surrounding the WLL Site. This system includes 5 air monitoring stations
that collect data for a variety of constituents. A local field office has been
set up as the control center for the air monitoring network, which is staffed
each week by EPA On-Scene Coordinators and contractors. The field
office has recently been relocated due to planned construction activities at
the Fire Station.
3. What’s Next?
a. EPA will review the detailed plans for the IB alignment alternatives due midOctober.
b. EPA will review the Bird Mitigation plans also due mid-October, and will
coordinate that review with the SLAA and FAA.
c. EPA will review the USGS report regarding groundwater data, and will
communicate with the public regarding the conclusions.
d. EPA continues to progress toward selection of a final remedy. We expect to
approve work plans very soon for the next stages of Feasibility Study work that
must be completed to support a new Proposed Plan and Record of Decision.
4. Engagement Opportunities/Information Needs
a. EPA wants to keep stakeholders informed. There are a variety of ways to do that.
How can we best accomplish that for the Earth City Business Park? How would
you like to be kept informed?
i. Periodic meetings?
11. Receive periodic Fact sheets?
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111. Receive WL Update via email?
b. Are there specific topics or subjects that would be especially helpful or beneficial
for your constituents?
QUESTIONS SUBMITTED BY EARTH CITY BOARD OF TRUSTEES
1. Briefly explain EPA’s role at West Lake Landfill as set forth in Superfund law.
EPA’s role at the West Lake Site is to act as the regulatory agency in charge of the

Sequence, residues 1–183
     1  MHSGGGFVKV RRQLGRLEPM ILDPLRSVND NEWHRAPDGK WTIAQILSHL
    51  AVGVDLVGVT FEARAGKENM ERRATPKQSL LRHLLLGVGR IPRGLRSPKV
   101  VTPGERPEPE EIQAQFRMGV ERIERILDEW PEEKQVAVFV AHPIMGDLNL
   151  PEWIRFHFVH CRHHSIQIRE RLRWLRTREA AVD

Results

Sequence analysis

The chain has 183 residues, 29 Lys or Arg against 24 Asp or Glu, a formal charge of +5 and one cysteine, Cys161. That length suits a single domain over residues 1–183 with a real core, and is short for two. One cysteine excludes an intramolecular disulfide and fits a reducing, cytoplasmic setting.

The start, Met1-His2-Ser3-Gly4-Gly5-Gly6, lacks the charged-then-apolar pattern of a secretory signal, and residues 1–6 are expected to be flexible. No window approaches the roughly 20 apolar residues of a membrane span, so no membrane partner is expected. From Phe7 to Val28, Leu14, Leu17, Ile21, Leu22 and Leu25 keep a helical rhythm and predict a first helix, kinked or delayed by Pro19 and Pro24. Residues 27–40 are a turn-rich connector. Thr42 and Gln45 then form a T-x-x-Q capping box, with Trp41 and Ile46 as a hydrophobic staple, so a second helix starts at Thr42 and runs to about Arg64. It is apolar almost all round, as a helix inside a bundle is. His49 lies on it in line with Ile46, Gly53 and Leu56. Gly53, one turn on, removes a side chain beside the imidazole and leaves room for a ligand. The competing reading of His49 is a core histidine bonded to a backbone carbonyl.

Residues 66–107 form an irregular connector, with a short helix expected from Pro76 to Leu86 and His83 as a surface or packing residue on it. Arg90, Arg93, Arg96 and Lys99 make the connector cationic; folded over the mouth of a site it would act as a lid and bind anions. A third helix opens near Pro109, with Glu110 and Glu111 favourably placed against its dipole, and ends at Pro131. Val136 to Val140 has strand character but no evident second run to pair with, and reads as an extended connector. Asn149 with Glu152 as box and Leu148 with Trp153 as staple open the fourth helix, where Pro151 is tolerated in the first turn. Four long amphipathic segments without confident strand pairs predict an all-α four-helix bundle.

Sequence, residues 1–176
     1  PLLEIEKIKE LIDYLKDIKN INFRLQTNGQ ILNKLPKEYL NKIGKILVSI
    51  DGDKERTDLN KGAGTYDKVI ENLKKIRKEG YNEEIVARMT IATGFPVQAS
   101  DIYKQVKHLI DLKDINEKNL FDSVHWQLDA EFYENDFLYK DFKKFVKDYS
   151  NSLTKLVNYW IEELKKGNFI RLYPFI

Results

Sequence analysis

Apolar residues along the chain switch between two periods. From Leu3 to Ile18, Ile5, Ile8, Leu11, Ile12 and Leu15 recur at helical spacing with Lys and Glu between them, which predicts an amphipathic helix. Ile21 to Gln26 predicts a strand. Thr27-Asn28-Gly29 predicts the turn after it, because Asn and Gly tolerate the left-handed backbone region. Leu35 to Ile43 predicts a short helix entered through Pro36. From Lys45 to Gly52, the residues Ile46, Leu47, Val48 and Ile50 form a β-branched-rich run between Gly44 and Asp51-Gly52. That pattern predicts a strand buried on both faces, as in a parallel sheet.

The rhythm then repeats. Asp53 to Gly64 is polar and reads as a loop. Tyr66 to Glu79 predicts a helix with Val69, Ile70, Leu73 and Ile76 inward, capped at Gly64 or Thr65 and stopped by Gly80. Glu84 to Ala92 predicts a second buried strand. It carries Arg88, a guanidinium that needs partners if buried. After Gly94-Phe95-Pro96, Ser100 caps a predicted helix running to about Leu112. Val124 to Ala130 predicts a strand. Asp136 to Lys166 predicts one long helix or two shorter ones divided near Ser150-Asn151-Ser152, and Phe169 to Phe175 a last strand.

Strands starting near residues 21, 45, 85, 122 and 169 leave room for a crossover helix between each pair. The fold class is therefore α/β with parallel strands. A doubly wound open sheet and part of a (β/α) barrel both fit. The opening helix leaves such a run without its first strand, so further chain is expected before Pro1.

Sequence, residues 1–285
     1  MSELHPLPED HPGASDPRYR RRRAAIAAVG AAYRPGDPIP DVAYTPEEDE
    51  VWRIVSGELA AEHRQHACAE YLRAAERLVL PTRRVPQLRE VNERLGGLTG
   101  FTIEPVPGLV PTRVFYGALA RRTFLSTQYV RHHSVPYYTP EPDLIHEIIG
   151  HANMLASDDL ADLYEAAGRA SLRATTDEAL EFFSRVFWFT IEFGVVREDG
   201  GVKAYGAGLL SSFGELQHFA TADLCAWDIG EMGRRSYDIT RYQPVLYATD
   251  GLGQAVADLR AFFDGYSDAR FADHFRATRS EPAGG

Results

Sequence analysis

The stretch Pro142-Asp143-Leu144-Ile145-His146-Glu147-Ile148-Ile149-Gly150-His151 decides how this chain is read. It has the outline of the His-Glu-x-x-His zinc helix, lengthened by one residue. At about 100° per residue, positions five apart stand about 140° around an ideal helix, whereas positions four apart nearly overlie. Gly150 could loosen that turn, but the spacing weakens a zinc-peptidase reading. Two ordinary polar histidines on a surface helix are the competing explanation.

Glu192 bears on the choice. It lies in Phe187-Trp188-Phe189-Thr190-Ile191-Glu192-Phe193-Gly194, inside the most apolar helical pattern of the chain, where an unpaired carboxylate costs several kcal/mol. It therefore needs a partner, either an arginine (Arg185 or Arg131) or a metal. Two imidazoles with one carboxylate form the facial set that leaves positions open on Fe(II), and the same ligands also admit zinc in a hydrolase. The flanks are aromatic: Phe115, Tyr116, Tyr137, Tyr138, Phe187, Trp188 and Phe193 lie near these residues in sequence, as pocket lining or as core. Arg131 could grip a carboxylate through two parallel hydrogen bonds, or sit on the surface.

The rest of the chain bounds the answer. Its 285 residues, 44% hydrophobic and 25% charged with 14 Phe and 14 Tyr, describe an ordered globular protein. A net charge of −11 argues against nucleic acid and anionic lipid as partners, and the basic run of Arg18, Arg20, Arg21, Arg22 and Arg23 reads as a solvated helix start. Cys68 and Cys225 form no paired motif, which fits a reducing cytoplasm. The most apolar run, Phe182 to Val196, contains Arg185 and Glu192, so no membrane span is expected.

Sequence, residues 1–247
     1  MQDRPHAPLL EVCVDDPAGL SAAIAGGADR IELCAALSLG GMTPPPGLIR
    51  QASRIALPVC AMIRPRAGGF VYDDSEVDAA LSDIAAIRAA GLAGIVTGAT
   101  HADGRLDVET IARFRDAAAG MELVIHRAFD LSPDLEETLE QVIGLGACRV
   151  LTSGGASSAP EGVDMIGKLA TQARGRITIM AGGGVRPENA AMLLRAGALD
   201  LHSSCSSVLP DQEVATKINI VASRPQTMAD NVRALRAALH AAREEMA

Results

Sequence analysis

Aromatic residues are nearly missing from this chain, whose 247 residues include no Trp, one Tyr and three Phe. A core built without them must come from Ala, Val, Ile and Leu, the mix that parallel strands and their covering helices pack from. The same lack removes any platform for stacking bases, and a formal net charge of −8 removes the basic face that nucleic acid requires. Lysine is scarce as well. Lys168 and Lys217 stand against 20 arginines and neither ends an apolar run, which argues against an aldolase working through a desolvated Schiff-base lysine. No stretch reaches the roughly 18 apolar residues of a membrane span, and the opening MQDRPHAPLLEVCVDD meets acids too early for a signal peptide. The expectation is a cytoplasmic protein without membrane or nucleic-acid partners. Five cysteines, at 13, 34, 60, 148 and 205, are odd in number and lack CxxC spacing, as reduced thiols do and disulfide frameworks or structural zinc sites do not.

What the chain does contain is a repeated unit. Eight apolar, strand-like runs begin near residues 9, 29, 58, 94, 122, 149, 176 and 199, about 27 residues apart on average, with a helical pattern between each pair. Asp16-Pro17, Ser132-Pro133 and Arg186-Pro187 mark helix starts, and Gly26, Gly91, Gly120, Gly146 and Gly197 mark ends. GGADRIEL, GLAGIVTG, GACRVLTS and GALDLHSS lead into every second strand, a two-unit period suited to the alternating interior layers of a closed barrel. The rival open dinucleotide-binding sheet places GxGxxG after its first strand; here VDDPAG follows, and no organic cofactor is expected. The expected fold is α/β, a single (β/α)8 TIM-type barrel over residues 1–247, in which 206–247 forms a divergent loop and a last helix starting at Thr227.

remediation at the landfill. As such, EPA has the final and ultimate decision making
authority and can direct the PRPs to take actions at the site as appropriate to protect
human health and the environment.
2. Briefly explain the role of Republic Services and others in determining the final
resolution of the landfill matter.
The Potentially Responsible Parties, of which Republic Services is one, conduct site
investigations and evaluations at the direction of EPA. The results of these, such as the
currently on-going Supplemental Supplemental Feasibility Study (SSFS) are sent to EPA
for careful review and approval. While these technical documents form the basis for
decisions, the final decision of the site remedy remains with EPA.
3. Is cost the primary reason EPA favors keeping the radioactive material in place with the
addition of safety improvements?
Cost is only one of nine criteria the NCP requires EPA to consider.
In the case of West Lake Landfill, other considerations include time to complete an
excavation, safety of flight operations and the flying public at the airport, and the
complexity of an excavation project due to the depth of the landfill.
4. Why after 40 years is there still an issue with the location of the radioactive material? Is
EPA investigating all other landfill areas not previously investigated for radioactive
material?
The recent investigations into the location of the radiologically impacted material (RIM)
have been focused on finding the best location to install the proposed isolation barrier.
5. Is there an area-wide health risk in removing and relocating the radioactive material?
There is increased risk of human exposures associated with excavation and removal of
the material. Also important is the attraction of birds to the newly excavated waste,
which could pose a threat to flight operations and the safety of the flying public at the
airport and the communities near the airport.
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6. Briefly discuss the underground fire and construction of the barrier.
The Missouri Attorney General ordered Republic Services to construct the isolation
barrier in 2013. Work has been progressing with Republic Services on potential designs
of the isolation barrier since the order. Additionally, EPA has entered into an InterAgency
Agreement with the United States Army Corps of Engineers to assist with preconstruction
and construction activities at the site. Some preconstruction activities have
already begun; EPA has installed a robust air monitoring system around the landfill to